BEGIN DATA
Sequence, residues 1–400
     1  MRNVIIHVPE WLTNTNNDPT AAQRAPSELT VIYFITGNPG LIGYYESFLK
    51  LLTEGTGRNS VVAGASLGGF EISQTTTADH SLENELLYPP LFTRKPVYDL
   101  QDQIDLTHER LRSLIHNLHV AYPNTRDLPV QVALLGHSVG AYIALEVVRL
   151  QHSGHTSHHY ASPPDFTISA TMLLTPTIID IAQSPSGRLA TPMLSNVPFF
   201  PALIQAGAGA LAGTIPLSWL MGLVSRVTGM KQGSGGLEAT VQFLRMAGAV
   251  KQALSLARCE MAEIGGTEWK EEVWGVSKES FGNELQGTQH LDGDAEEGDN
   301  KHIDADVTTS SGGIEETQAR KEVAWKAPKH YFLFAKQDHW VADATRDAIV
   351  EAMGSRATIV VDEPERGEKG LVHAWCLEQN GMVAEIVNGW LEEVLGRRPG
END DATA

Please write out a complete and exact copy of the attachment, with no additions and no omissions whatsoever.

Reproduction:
Sequence, residues 1–400
     1  MRNVIIHVPE WLTNTNNDPT AAQRAPSELT VIYFITGNPG LIGYYESFLK
    51  LLTEGTGRNS VVAGASLGGF EISQTTTADH SLENELLYPP LFTRKPVYDL
   101  QDQIDLTHER LRSLIHNLHV AYPNTRDLPV QVALLGHSVG AYIALEVVRL
   151  QHSGHTSHHY ASPPDFTISA TMLLTPTIID IAQSPSGRLA TPMLSNVPFF
   201  PALIQAGAGA LAGTIPLSWL MGLVSRVTGM KQGSGGLEAT VQFLRMAGAV
   251  KQALSLARCE MAEIGGTEWK EEVWGVSKES FGNELQGTQH LDGDAEEGDN
   301  KHIDADVTTS SGGIEETQAR KEVAWKAPKH YFLFAKQDHW VADATRDAIV
   351  EAMGSRATIV VDEPERGEKG LVHAWCLEQN GMVAEIVNGW LEEVLGRRPG